Books

Princess Uppity

14 October 2017

9:00 AM

14 October 2017

9:00 AM

Princess Margaret was everywhere on the bohemian scene of the 1960s and 1970s. She hung out with all the famous rock stars, actors and other arty types of the day. Marlon Brando was struck dumb; Picasso wanted to marry her. As Craig Brown puts it artfully: ‘Everyone seems to have met her at least once or twice, even those who did their best to avoid her.’ And so, having noticed her ubiquity in the indices of other books, the satirist has written a hugely entertaining sort-of-biography.

Why would anyone do their best to avoid the princess? Well, she had a Prince Philip-ish way with the rude put down. (On being presented with a dish of Coronation Chicken: ‘This looks like sick.’) Secondly, the drunker she got, the more she pulled rank, leading to many a nightmarish dinner. And there was not much else for her to do but get drunk.

This is a darkly glamorous tale, after all, of a ‘punishing schedule of drinking and smoking’, punctuated by notorious love affairs. The first, with Group Captain Peter Townsend, is genuinely sad: first he is shunted off to Belgium by the establishment so they can’t see each other, and then she eventually renounces him rather than be forced to give up her title and go into exile abroad. The second, with the photographer Antony Armstrong-Jones, later to become Lord Snowdon — immortalised here as ‘Tony Snapshot’, the bitchy name bestowed on him early on by the Earl of Leicester — ends in mutual contempt.


The book is brilliantly written, with a wonderful sardonic edge but also a thoughtful, at times even moving tone. Brown’s aleatory structure, hopping back and forth through time to present tableaux and anecdotes from the life, is a triumph, and renders the book probably the least boring royal biography it is possible to imagine reading. After all, as Brown, a connoisseur of the awful genre, points out: of all the arts, biography is ‘the least like life; and royal biography doubly so’.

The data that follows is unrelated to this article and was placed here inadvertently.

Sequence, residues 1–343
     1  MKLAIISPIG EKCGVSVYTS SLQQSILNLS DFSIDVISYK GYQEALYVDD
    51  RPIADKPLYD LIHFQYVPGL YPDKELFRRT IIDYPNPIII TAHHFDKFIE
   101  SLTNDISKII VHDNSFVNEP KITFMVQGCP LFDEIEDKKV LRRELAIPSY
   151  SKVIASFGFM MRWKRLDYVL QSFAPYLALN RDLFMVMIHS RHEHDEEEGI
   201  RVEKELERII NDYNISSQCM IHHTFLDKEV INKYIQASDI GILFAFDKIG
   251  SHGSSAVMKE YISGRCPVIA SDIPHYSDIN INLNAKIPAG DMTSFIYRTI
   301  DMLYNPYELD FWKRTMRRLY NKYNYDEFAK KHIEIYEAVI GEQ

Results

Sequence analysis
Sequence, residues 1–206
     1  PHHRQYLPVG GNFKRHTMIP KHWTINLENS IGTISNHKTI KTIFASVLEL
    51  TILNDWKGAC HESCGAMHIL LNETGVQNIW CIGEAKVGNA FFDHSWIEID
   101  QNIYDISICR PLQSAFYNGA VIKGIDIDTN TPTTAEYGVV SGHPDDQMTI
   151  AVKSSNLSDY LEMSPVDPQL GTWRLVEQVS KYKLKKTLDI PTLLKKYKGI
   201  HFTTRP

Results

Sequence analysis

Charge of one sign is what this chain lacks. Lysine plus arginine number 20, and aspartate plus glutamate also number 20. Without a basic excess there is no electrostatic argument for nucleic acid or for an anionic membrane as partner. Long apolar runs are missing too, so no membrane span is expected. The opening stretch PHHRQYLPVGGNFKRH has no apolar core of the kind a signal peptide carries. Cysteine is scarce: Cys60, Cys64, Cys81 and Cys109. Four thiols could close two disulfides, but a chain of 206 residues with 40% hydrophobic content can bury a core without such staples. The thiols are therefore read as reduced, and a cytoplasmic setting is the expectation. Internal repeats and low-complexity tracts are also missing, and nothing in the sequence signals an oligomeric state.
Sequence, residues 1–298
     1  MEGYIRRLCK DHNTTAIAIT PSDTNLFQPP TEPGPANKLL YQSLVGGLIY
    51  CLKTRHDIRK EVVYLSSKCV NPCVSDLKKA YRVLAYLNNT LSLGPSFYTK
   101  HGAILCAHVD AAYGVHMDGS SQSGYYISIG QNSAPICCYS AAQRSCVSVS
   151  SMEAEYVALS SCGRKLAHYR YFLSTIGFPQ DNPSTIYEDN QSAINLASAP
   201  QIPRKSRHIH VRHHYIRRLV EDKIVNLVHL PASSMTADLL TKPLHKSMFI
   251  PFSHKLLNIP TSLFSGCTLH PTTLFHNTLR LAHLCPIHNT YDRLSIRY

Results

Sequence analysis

Brown is a rightly celebrated satirist and parodist, but the sequences here that are pure counterfactual invention (an account of Margaret’s marriage with Picasso, for example) are somewhat less funny, perhaps because funny is all they are trying to be. More hilarious is his gimlet eye on, say, the stalkerish prose of her former servant’s memoir (‘my beautiful princess’, etc); or his drive-by analysis of the Queen Mother’s ‘ruthless contentment’; or his smilingly patient evisceration of the then-poet laureate Andrew Motion’s doggerel marking the Princess’s death.

Indeed, Brown’s real contumely is reserved for the crowd that Margaret attracted: the lickspittle hangers-on, the snooty theatre directors, the social climbers, and all the cynics who used her as edgy entertainment. ‘The connoisseurs wanted to see her getting uppity; it was what she did best,’ Brown notes. Besides such ‘laughing sophisticates’, the Princess herself could even seem an ‘innocent’.

Margaret was dismissed by some contemporaries as just another empty-headed snob, but on this evidence she was actually that rare thing, a cultured royal. She could play the piano and sing well, it seems, if exhaustingly — she would often go on till the small hours, exploiting the convention that no one could retire to bed before Her Royal Highness. Her friend Gore Vidal thought her ‘far too intelligent for her station in life’, and her often dismissive remarks about plays she had been dragged to see to derive from a rigorous (if circumscribed) taste rather than mere philistinism. Plus, it’s not as if the culture couldn’t do with more people who say what they really think upon leaving the theatre.

The Princess’s admirable commitment to dramatic realism, moreover, clearly motivated the story recounted here of her appearance on The Archers, playing herself at a country fair. After one take, the producer asked: ‘Do you think you could sound as if you were enjoying yourself a little more?’ Splendidly, Margaret replied: ‘Well, I wouldn’t be, would I?’ Quite. I think she might, on the other hand, have enjoyed this book — though it has no index, which is rather a sorry sign of the times.

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